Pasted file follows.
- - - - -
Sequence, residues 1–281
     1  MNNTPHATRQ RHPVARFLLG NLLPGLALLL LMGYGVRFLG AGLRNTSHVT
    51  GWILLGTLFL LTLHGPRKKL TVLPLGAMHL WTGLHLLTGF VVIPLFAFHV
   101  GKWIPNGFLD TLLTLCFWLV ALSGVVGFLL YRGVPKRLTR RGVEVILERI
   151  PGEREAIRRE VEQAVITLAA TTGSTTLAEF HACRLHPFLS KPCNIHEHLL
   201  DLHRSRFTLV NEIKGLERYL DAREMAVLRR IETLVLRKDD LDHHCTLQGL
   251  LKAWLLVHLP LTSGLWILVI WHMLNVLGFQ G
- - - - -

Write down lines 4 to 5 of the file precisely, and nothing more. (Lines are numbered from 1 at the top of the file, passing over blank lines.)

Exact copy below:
   101  GKWIPNGFLD TLLTLCFWLV ALSGVVGFLL YRGVPKRLTR RGVEVILERI
   151  PGEREAIRRE VEQAVITLAA TTGSTTLAEF HACRLHPFLS KPCNIHEHLL